Article / 03 August 2016 at 8:50 GMT

From the Floor: Is 2015's 'bond hiccup' ready to return?

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By Clemens Bomsdorf

Japan is once again driving markets. Movements in its government bonds, triggered by poorly received Bank of Japan and government stimulus efforts, are impacting world markets and we could see a repetition of April 2015's “bunds hiccup”, says Saxo Bank's Asia macro strategist Kay van-Petersen

On July 29, the Bank of Japan disappointed markets and spiked the yen higher. It fell further yesterday and Japanese government bonds tightened from minus 0.30 to minus 0.08 basis points. Additionally, rumours of a potential government bonds issue of  with a volume of 100bn JPY and maturity of 40 years are adding to this and we see Japanese and German 10-year government bonds now very close with the latter yielding minus 0.029 with the former at minus 0.082.

Van-Petersen strongly feels  that “USDJPY will soon break 100, with a positive NFP being the only near-term event to stem the tide of yen strengthening,” as he puts it. 

There was a hiccup in German bunds in April 2015, and we see a similar movement now:
yield hiccup now and then
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Source: Bloomberg

Concerning equity markets, Peter Garnry, Saxo's head of equity strategy, reports that European banks are under pressure despite the fact that the EPA’s stress tests did not post any overly shocking results.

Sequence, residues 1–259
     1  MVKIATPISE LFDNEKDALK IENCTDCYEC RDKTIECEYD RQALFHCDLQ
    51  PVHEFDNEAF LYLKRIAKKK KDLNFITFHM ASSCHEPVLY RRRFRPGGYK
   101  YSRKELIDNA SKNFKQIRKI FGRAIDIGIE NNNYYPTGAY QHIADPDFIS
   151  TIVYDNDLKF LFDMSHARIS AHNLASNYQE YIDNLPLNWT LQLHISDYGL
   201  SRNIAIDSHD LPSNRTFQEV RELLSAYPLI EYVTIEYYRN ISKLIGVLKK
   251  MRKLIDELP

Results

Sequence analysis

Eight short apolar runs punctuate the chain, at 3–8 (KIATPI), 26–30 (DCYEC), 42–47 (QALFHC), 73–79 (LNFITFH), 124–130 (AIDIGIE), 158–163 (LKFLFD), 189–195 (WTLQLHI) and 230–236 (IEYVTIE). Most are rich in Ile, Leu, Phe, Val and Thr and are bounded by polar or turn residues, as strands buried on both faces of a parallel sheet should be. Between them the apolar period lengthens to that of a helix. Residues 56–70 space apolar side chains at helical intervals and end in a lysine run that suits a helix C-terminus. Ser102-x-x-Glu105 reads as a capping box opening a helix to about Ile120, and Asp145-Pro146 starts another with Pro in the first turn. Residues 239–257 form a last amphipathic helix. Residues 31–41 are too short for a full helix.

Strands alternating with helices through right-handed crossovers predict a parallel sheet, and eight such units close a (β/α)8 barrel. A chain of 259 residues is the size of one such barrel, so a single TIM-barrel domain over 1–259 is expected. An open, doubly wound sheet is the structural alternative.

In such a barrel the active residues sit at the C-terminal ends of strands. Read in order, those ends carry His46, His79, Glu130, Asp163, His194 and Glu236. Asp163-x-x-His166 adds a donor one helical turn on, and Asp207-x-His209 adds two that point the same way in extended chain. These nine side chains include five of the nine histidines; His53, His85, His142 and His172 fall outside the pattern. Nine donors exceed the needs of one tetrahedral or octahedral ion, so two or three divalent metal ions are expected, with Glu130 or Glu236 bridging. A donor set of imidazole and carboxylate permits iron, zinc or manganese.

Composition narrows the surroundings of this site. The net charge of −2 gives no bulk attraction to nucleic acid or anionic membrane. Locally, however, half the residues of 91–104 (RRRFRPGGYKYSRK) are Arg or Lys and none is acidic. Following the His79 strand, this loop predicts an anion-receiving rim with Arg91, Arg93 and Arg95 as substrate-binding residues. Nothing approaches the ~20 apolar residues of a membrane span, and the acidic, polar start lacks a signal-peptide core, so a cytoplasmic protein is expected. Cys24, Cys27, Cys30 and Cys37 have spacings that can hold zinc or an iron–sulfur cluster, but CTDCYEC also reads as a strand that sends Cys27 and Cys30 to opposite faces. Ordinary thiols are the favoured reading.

The STOXX 600 banks index plunged 5.3% yesterday, sending it back to the level seen during the 2012 Eurozone crisis. Germany’s largest lender, Deutsche Bank, fell to its lowest level since 1992 (read more abut Commerzbank, Germany's secon largest in this article). 

“We have seen an extremely fragile European banking system,” says Garnry, adding that sentiment needs to improve otherwise “we could risk panic”. There is not much trust afoot in the European financial sector and the stress tests did not change this. 

Down to 2012 levels - European banks
It looks different in the US, where Garnry sees AIG as a strong buy. Its quarterly earnings beat market expectations, as foreseen by Garnry, and the company’s turnaround is still on track. AIG is getting rid of non-core assets and is confident that its dividend can be raised significantly over the coming years.

When it comes to Tesla, Garnry is short ahead of Q2 earnings. “Its shares have been surprisingly robust,” he says, adding that he sees great risk on delivery execution. 

On bonds Simon Fasdal, head of Saxo's fixed income desk, says that global core yields are on the rise on concerns that central banks will begin to downscale their quantitative easing programmes. Currently, he notes that equities and bonds are both heading lower, meaning that central banks are still the decisive factor.  

German bunds opened below 166.50 and then went a bit higher; yields are now minus 0.02 and quickly approaching positive territory again.  

The oil price slid back to below $40/barrel and if it continues to fall there is a risk "that oil-dependent economies such as Russia and the energy sector will be clearly negatively impacted," says Fasdal, adding that the low oil price also keeps global core yields low for now 

This, he adds, paves the way for a continued fertile environment for high-yield bonds, particularly in emerging markets
Tesla cars still look great, but Saxo's Peter Garnry is not that positive 
when it comes to the company's prospects. Photo: iStock   

Clemens Bomsdorf is consulting editor at

Editor’s note: From the Floor takes advantage of's unique real-time access to Saxo Bank’s various trading desks around the globe to put our community in touch with the developments that matter to their portfolios 


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